The Average Gamer

Friday Night Unplugged #21: Penny Arcade The Game: Gamers vs Evil

We’ve had a two-week break and of course it’s a Friday so we’ve got something light to show you this week. Unfortunately we don’t have the extra Magic: The Gathering piece we promised for you this week because well, we just haven’t played enough to get a good feel for the new set. We will have it up soon though, so have no fear. In this Unplugged column we’re watching geek culture eat itself by playing the Penny Arcade deckbuilding game Gamers vs Evil.

What is it:

Penny Arcade: Gamers vs Evil is a card game from Cryptozoic Entertainment. We covered their game Epic Spell Wars a few weeks back and Lock and Key is a favourite of our group. These guys are good at their card games. The box is organised into different sections allowing you to split card types apart for quick setup and there are apparently 411 cards in the game so this is amazing. It is a licensed product so fans of the PA strip will get some of the more inside jokes but, as proven when we playtested with Fi, you don’t have to know the strip to enjoy the game.


The Basics

Penny Arcade: Gamers vs Evil isn’t the kind of deckbuilding game most people immediately think of. Unlike games like Netrunner or Magic the Gathering this kind of deckbuilder adds cards to your deck as you go along and the winner is decided by who’s deck is worth the most points at the end of the game. There won’t be a playthough for Gamers vs Evil because let’s face it who wants to read through 12 pages of each individual card choice but instead we’ll be going for a more visual approach to the basics.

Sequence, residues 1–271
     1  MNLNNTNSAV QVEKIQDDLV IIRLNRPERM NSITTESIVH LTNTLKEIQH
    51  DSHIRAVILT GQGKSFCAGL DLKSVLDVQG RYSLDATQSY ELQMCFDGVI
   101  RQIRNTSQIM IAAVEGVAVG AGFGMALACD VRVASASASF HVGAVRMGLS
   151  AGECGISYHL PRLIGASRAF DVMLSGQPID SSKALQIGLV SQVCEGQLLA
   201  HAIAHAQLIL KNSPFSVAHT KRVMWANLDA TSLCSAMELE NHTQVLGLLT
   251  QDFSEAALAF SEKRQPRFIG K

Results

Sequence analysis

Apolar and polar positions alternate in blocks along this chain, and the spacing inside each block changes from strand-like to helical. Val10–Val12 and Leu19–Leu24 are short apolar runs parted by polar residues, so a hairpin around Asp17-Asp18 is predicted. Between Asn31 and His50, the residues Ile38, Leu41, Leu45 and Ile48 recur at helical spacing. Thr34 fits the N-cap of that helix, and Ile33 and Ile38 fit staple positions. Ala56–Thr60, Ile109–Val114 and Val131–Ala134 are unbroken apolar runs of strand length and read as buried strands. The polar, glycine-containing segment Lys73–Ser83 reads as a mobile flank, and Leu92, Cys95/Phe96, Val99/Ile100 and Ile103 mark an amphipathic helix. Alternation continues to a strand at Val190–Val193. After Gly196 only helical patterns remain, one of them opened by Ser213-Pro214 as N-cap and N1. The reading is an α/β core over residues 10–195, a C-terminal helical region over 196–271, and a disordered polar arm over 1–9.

The core of the Gamers vs Evil play area is split into two colours. Green cards which cost tokens to buy and Red cards which cost power. The piles of cards that the game starts with are randomly drawn or dictated by the the example layout in the rulebook. Either way it’ll look something like this:


On the far right of each row we have the Power Up (green) and Boss (red) piles. These are the most costly cards to purchase. On the far left you’ll have he cheapest cards with the scaling between. Underneath the rows there will be a stack of Pax Pox cards and a spot to place any deleted cards.

Each player starts with a randomly drawn character card. Each character has a special ability and starts with a set number of Cardboard Tubes (+1 power) and Quarter (+1 Token) cards. These are shuffled together to make their starting deck. Each player then draws six cards from their deck and the first player starts their turn.

The idea is to over turns spend your power and tokens to buy new cards to add to your deck. New cards range from simple cards like Merch which costs 3 tokens to buy and is worth 2 tokens when played to cards like the Laser Squid which costs 6 power to buy and is worth 3 power when you play him. Some cards also PVP Attack players unless they can discard a PVP defence card. Any cards remaining in your hand at the end of the turn are also discarded and new cards are drawn before play moves to the next player.